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Marcus Simmons and Khaijeh Worrell climbing hotel leadership ladder

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Marcus Simmons has been working as a steward at 1609 Restaurant as part of the Hamilton Princess & Beach Club’s leadership development programme (Photograph by Jessie Moniz Hardy)

Marcus Simmons and Khaijeh Worrell are halfway through an 18-month employment journey at the Hamilton Princess & Beach Club that will hopefully lead to management.

They are part of the hotel’s second leadership development programme cohort.

“When I was younger, leadership was the last thing on my mind,” Mr Simons said. “I was a little bit lost and confused.

When he started in hospitality at 19, his only thought was earning money.

“My first job was mini-bartender at Rosewood Tucker’s Point,” he said.

In the decade since then he has “hustled”, working as a beach attendant, stocking a hotel gift shop, and staffing a tuck shop, among other things. Most recently, he was a food supervisor at King Edward VII Memorial Hospital.

Mr Worrell, 27, was much the same.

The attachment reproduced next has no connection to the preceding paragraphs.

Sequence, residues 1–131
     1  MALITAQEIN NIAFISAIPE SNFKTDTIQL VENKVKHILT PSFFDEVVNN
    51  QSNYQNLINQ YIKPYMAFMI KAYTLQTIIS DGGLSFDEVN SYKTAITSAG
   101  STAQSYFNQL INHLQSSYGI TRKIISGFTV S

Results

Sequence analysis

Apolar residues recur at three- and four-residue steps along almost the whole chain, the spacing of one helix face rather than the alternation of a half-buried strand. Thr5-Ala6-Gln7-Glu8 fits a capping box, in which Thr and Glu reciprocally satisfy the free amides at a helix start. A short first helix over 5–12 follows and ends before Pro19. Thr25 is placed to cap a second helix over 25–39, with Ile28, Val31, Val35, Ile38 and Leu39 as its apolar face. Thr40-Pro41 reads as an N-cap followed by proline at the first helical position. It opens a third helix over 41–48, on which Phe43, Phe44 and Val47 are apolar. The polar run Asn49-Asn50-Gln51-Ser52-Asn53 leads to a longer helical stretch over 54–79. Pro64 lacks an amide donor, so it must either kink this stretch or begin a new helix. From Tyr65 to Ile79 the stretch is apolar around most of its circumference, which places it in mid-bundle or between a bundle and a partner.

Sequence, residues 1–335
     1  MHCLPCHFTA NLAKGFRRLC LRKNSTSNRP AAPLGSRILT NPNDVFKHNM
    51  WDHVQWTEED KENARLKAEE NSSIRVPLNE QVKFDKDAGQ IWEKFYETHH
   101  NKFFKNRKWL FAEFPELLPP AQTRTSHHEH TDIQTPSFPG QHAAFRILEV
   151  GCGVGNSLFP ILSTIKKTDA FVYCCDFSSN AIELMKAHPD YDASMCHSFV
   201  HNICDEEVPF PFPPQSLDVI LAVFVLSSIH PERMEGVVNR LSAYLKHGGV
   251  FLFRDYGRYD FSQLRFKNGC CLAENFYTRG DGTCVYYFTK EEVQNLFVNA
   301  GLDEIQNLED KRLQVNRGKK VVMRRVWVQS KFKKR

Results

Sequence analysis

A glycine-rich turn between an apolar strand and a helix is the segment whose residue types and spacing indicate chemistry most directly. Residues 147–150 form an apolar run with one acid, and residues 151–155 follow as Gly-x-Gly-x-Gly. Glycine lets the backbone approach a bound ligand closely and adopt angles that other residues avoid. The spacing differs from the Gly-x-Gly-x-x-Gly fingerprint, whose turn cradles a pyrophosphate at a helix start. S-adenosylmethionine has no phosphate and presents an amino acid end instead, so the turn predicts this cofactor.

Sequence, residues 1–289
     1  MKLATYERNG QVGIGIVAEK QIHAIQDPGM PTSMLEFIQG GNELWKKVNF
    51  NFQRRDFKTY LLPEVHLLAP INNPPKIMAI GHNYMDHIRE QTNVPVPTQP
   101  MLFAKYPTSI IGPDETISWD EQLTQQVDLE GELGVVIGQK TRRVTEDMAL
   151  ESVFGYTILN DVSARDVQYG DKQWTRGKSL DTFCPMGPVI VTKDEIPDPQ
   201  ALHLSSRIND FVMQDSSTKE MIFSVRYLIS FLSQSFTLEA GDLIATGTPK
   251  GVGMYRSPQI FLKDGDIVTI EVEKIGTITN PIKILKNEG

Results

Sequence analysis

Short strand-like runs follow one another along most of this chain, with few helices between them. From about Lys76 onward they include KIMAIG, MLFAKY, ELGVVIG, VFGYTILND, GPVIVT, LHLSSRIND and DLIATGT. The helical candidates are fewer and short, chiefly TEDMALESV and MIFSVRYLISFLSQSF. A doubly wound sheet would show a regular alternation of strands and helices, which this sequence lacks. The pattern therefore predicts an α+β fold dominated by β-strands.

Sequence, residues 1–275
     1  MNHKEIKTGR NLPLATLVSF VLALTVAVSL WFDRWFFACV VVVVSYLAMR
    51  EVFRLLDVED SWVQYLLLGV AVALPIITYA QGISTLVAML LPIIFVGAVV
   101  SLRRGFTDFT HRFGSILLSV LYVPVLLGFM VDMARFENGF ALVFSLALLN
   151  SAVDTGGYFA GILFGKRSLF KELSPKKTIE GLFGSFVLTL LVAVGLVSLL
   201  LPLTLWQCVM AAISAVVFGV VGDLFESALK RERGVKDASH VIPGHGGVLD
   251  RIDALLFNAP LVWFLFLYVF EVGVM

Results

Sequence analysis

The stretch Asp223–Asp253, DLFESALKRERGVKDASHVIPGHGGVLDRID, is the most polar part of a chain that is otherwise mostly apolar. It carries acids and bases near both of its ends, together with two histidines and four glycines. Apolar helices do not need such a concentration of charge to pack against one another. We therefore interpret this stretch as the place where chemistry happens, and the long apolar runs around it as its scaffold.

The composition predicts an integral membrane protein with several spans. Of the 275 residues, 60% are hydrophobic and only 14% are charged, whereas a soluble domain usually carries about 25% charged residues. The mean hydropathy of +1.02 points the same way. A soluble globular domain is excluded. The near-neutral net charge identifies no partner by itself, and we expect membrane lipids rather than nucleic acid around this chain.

“I had glimpses of leadership when I was younger, but did not take it seriously,” he said. “I had to mature to a certain point. Right after high school I was just looking to get my foot in the door or find something that I was comfortable with. In the process, I was trying whatever came available. I wandered around the hospitality industry without much direction.”

He particularly loved working in the golf department at the Southampton Hotel.

Khaijeh Worrell is in the Hamilton Princess & Beach Club leadership development programme in the rooms division (Photograph supplied)

“It was a great place to network,” he said. “I learnt a new sport and still play golf to this day. It opened my eyes to a lot of things.”

Luckily for him, the golf course remained open when the hotel closed in 2020.

As time went by, Mr Worrell and Mr Simmons started looking around at ways to advance themselves.

“I always keep my eye out for better job opportunities,” Mr Simmons said.

Mr Worrell was considering studying management in Canada when he heard about the leadership programme at the Hamilton Princess.

They applied and were accepted.

Mr Simmons is now trying out different aspects of the food and beverage arena.

He has two weeks left of stewarding at the hotel’s 1609 Restaurant before he moves into culinary arts. He loves working in food service.

“Food softens people up,” he said. “There is a lot of attention to detail that goes into it that guests do not really see.”

Meanwhile, Mr Worrell has answered phones at the hotel and worked as a bellman.

“I am in the Fairmont Gold Lounge now,” Mr Worrell said. “In a short time, I will be going into housekeeping. That is a bigger operation and I will probably be there for the rest of my time in the programme.”

He has found the rooms division to be challenging.

“Like food and beverage, there is a lot that goes into it,” Mr Worrell said. “From the outside looking in, you don’t see the big operation going on behind the scenes. It is challenging because of the amount I have to learn and retain.”